Last post, I wrote about my experience having COVID in January and not being able to access an at-home PCR test (or any other useful support). Recovering from COVID was a slow and arduous process, but in March I felt I had maybe regained 80% of my pre-C function – that’s still not great, considering how little functionality I had to begin with, but probably as good as it was going to get.
Unfortunately, after a week with a few high-energy commitments, I crashed hard. The activities – a few appointments – were exhausting but broadly within my energy envelope in the past. I could previously have recovered with a few rest days, or a week. But now, these activities affected me so badly that I felt I had COVID again. Obviously, I didn’t, but this was my body telling me I had way overdone it, and just in case you didn’t get the message, here are your COVID symptoms (fever, weakness, difficulty speaking) back again.
My previous estimate of 80% function regained was way off. I think I’m more like 50-60% of where I was last year. Not only has my baseline changed, in terms of what activities I can safely undertake, but my symptoms have changed too, with the addition of what I can only describe as long COVID symptoms.
I was extremely fearful and cautious of catching COVID, as I knew the chance of my condition deteriorating and/or developing long COVID was high. To have my worst fears come true, after what has frankly been an incredibly shit time already, is a huge blow.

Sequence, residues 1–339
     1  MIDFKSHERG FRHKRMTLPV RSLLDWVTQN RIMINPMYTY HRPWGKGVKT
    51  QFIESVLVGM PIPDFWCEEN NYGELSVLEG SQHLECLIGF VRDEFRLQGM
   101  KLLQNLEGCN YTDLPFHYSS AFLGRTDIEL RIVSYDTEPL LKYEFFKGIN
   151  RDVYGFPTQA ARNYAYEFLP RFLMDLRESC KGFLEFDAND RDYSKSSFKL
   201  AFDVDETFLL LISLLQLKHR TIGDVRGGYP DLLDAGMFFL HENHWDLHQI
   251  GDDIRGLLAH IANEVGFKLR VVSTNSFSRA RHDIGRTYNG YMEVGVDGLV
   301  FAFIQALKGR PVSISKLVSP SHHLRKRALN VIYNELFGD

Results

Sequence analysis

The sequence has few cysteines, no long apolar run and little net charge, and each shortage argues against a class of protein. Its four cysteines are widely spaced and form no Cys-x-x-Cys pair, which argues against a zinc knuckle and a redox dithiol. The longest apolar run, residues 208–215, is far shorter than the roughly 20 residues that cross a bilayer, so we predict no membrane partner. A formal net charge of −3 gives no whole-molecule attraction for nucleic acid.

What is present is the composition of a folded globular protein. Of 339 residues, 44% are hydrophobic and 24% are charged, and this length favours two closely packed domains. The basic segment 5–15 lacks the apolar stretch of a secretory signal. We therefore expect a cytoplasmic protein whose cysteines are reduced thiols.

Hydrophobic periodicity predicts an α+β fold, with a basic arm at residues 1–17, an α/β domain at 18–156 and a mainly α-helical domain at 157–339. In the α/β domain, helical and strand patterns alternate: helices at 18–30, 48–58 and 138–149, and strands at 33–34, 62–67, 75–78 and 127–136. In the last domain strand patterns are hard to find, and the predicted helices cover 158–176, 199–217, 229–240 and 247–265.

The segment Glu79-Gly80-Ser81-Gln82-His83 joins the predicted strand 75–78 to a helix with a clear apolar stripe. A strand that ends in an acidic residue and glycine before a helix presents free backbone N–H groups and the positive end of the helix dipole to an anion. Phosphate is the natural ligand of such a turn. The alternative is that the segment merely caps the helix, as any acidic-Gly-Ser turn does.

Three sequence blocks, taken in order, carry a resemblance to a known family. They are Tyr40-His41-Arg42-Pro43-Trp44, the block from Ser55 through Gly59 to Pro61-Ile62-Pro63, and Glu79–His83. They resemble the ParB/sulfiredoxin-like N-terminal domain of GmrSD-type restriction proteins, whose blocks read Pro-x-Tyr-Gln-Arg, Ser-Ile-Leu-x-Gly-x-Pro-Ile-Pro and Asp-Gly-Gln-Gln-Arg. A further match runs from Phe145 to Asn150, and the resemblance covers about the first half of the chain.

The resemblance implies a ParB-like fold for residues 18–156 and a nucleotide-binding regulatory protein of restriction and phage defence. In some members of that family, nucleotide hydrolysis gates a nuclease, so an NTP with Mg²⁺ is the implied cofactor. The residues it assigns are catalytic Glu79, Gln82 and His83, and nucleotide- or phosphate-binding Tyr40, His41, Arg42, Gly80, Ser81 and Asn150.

There’s not much I can do now, except the soul destroying task of reevaluating what I can and can’t do, and adjusting my entire life to match. It’s hard to understand what that is like unless you have chronic illness. The best way I can describe it is being surrounded by an invisible electric fence, in the fog. You are feeling your way around as best you can, but the only way to know if you’ve hit your boundaries is to be zapped, and if you do this too many times the fence starts shrinking in around you, reducing your function even further.
Now that fence has changed dimensions again, squeezing the last drops of functionality out of my existence. All I can do is to painstakingly map it out, and try my best to stay within its borders.
4 thoughts on “Long COVID”
So so sorry to hear this, Siobhan. I can’t even begin to imagine how this must feel – totally sucks. Wishing you a further recovery🤞
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Thank you, Sharron.
How absolutely shitty. So sorry to hear this- I know several people smashed to the ground by long Covid, and they didn’t have chronic conditions, so this must be beyond belief. Sending you GREAT BIG SPOONS, and floofy kittens. xx
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Thank you my dear.